Askeaton Contemporary Arts

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Read about Askeaton Contemporary Arts in The Irish Times



SEANIE BARRON: Walking Sticks,

Fishing Priests & Smoking Pipes

until 12 July 2014

The first solo exhibition of Askeaton's Seanie Barron, held at Askeaton Civic Trust. Seanie is known throughout Ireland for his signature walking sticks.

An exhibition catalogue is published, featuring an

interview with Seanie by Michele Horrigan, and an essay by Christa-Maria Lerm Hayes.



Askeaton Contemporary Arts


Askeaton Contemporary Arts will also present artworks by Stephen Brandes and Fiona Larkin (above) at Kunstvlaai 2014 in Amsterdam from 21- 24 May, along with participating in a series of public events and talks. Askeaton is invited as part of fifty worldwide art initatives, each of whom are considered experimental art spaces.

For further details see Kunstvlaai's website here


SHAPESHIFTING: a workshop in Askeaton

With no ‘white-cube’ gallery spaces in Askeaton,

artists work in public spaces throughout the town.

This form of engagement focuses on the existing dynamics of the locale, intending to bring forward

diverse layers of daily life and create a rich framework

for subjective encounters. The Shapeshifting Workshop explores these dialogues, and asks a group of respected arts practioneers to speculate around how Askeaton Contemporary Arts might evolve in the coming years.

Read Sean O’Sullivan’s report here





Based in Barcelona and Mexico City, Hagerman has produced sculptural installations and vegetation interventions in public spaces and museums around the world over the last decade, investigating the relationships between nature and the manmade.

He was commissioned to make Askeaton Contemporary Arts’ entry into the annual Saint Patrick’s Day Parade.

See Jeronimo's work here



Artworks by Stephen Brandes, Freek Wambacq (above), Sean Lynch, Benjamin de Burca and Ben Kinsley & Jessica Langley are currently on view around the streets of Askeaton.

DOWNLOAD Guide to the artworks of Askeaton HERE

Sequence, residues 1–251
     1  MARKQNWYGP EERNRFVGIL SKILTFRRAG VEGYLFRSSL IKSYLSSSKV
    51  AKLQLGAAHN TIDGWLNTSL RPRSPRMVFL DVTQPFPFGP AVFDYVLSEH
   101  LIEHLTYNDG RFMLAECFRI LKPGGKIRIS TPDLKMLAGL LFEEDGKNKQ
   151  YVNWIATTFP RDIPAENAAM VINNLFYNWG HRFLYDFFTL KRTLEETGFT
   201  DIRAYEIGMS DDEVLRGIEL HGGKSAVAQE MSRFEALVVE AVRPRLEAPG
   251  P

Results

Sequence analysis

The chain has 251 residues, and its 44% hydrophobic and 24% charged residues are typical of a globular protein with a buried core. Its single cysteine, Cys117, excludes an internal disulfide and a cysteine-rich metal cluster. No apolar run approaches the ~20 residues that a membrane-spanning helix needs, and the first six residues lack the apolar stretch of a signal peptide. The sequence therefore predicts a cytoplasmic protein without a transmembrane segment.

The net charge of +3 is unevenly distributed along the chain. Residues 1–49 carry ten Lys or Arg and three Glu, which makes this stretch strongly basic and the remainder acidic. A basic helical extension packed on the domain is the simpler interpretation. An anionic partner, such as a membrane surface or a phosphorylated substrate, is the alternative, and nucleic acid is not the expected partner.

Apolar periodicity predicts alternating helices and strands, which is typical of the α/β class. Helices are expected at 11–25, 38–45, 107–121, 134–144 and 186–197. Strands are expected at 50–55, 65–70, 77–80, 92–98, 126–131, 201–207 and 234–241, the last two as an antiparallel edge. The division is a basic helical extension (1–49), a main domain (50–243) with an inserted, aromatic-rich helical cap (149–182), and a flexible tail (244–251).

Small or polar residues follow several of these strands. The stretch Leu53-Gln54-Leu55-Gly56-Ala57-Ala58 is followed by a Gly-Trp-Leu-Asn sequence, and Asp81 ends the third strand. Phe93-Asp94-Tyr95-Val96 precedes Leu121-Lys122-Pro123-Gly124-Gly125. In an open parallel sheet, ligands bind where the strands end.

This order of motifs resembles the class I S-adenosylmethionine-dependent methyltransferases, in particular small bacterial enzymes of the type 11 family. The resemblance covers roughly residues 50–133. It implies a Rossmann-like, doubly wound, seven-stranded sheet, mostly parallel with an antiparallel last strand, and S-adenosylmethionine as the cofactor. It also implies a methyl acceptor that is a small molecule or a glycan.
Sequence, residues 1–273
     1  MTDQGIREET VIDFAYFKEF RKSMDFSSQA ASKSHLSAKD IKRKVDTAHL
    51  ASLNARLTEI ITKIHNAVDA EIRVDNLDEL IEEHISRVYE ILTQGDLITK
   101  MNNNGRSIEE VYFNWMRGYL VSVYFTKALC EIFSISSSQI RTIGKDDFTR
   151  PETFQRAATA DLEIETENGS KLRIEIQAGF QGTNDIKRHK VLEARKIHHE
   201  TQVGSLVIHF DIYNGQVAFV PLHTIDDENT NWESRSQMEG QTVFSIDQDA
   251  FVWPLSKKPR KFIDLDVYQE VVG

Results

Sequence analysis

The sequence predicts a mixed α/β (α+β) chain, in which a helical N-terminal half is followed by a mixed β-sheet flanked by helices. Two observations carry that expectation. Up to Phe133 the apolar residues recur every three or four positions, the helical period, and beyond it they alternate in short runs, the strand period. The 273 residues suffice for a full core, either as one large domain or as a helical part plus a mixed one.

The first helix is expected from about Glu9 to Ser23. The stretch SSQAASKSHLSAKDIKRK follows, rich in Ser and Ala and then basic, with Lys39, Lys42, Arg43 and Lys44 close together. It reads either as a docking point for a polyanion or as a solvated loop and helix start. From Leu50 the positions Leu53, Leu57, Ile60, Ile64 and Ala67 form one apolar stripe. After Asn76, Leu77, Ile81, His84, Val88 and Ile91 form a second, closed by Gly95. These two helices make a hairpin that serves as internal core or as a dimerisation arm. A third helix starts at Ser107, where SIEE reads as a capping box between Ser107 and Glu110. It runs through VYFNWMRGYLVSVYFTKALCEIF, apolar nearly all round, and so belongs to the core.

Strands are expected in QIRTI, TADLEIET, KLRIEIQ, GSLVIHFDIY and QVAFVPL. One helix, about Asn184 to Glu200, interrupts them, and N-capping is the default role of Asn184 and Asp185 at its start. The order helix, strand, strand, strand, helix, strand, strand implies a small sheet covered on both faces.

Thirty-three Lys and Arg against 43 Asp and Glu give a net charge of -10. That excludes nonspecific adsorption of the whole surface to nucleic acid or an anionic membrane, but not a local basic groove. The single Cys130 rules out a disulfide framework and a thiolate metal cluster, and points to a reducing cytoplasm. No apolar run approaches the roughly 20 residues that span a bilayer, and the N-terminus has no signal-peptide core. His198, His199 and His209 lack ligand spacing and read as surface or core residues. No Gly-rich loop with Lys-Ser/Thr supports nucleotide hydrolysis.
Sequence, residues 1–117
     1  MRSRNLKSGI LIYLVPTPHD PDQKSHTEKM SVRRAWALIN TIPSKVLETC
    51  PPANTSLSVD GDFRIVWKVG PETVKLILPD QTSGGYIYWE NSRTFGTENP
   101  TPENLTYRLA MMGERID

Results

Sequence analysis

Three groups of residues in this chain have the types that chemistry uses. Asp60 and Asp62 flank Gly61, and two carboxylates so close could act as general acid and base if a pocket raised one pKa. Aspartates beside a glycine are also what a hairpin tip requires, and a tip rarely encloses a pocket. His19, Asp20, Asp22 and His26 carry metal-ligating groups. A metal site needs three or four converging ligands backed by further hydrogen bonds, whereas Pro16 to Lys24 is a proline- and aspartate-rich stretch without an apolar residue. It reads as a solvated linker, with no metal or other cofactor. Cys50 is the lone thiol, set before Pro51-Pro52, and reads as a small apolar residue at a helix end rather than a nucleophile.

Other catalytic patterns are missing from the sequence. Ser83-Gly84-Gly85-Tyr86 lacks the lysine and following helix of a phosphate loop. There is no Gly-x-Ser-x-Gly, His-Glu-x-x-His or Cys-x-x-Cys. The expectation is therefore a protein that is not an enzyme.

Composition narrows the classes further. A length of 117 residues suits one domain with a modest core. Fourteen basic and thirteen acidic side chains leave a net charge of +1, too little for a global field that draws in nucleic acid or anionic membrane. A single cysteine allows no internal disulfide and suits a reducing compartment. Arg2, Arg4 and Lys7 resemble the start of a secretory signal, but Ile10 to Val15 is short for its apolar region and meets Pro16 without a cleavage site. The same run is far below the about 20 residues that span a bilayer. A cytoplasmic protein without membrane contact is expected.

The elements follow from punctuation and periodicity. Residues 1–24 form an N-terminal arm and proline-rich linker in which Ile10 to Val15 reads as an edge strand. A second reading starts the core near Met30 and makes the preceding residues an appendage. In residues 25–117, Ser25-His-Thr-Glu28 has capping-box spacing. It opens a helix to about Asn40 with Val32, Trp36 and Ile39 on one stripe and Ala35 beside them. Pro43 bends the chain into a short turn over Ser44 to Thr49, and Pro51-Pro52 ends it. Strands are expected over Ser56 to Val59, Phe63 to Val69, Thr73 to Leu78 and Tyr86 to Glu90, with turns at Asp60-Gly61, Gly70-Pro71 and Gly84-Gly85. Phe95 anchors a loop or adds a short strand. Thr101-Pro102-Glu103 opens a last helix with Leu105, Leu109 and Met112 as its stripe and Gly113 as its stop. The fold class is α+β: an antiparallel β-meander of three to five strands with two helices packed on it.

Berlin-based Irish artist Adrian Duncan was resident in Askeaton throughout March. His project focuses on building patterns around the Iandscape. Through sculptural and research-based activity, he explored the aesthetics of “Bungalow Bliss”, the 1970s movement of pre-designed houses that dot the landscape in Askeaton and beyond.

Adrian writes about his work in Askeaton here





A series of commissions based upon the presence

of an 18th century secret society house in Askeaton. Today, the building is inaccessible to

the public, as a ruin in constant danger of collapse. Around this site of physical decay, featured artists have considered the Hellfire history, its non-conformist allusions to the society of the 1700s, and its material presence as a crumbling ruin in

the middle of a small Irish countryside town.

New commissons are detailed in the publication, alongside texts from Michele Horrigan, Padraic

E. Moore and Brian O’Doherty.


48 pages, 19 colour images, 32 b/w images.

€15 including post and packaging


pdf file, available to download for free here




Argentine artist Magdalena Jitrik’s multidisciplinary approach blurs the boundaries between a variety of mediums. Frequently using the process of painting as a starting point and questioning its’ position as a stable fixed object hanging on a gallery wall.

Take, for example, Pintura en Askeaton (Painting in Askeaton). In 2009, during her stay at Askeaton Contemporary Arts, Jitrik spent time making a small painting that, according to curator Adriano Pedrosa, “is a splendid abstract geometric composition, one can see the same mosaic of multicoloured slanted rectangles forming a larger, again not so orthogonal square, which in turn is intersected by a trapezoid figure, offering a feast for the formal connoisseur.” With such praise, Jitrik’s work could be considered akin to a Mondrian or a work of Russian Constructivism. Yet, she subtly shifts these expectations of her work away to another discursive platform, as a video details the painting’s growth and development from a blank canvas to a completed artwork, accompanied by a soundtrack  by Jitrik’s band, Orquestra Roja (Red Orchestra). In another moment, the painting appears in the ruins of a local Franciscan Abbey, almost as an apparition amongst gravestones and medieval stone carvings, urgently captured in photographs and video excerpts. The piece later featured in 2011's Istanbul Biennial, and can be viewed here



For decades, Seanie Barron has been carving and shaping wood in a workshop at the back of his house in Plunkett Road, Askeaton. Initially, his work might be labeled as folk art, yet on further inspection it becomes apparent that his work is instead borne out of an understanding of nature and often-humorous interpretations of the environment around him. He roams around Askeaton, looking for the right branch left in a field or underneath a bush, to then shape into a walking stick. These often take on surreal forms referencing seahorses, weasels, fists, foxes or swimmers. Many double as whistles, or incorporate found objects such as coins, bullets or animal bones. By channeling all from the overlooked to the exotic, Barron has spent years working on a form of art that, though may come from an untrained hand, is as relevant as any didactical form of creativity.

A publication features a newly commissioned essay by Christa-Maria Lerm Hayes and an in-depth interview with Seanie Barron by exhibition curator Michele Horrigan

32 pages, 43 colour images, 4 b/w images
€10 including post and packaging

Download for free a pdf copy here